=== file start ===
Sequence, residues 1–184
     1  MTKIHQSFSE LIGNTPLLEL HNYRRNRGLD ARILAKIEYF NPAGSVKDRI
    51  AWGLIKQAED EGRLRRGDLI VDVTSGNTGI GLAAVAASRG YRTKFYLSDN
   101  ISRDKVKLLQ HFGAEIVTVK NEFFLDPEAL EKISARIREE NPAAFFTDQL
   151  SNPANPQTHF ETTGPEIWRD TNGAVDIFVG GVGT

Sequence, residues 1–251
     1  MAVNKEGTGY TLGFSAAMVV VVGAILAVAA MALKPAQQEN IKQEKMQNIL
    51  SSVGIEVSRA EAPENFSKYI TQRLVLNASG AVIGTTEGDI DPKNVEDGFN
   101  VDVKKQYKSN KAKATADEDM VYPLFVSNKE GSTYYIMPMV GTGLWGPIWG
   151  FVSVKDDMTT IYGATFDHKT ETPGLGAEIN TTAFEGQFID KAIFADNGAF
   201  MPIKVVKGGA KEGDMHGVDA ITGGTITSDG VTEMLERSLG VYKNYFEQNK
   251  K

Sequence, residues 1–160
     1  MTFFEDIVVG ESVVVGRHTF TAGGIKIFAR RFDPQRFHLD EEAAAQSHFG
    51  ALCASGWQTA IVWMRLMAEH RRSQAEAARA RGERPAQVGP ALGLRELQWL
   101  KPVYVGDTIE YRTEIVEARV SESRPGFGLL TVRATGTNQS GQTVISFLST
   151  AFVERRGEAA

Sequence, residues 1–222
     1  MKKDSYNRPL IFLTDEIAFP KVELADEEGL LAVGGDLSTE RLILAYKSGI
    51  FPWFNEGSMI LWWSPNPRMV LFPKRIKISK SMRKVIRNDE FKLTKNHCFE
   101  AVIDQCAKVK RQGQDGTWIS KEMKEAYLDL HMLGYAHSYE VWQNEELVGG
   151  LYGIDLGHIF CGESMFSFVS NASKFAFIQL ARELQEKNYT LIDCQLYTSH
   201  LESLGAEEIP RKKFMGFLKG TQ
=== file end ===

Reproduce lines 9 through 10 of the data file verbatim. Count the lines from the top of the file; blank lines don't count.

   101  VDVKKQYKSN KAKATADEDM VYPLFVSNKE GSTYYIMPMV GTGLWGPIWG
   151  FVSVKDDMTT IYGATFDHKT ETPGLGAEIN TTAFEGQFID KAIFADNGAF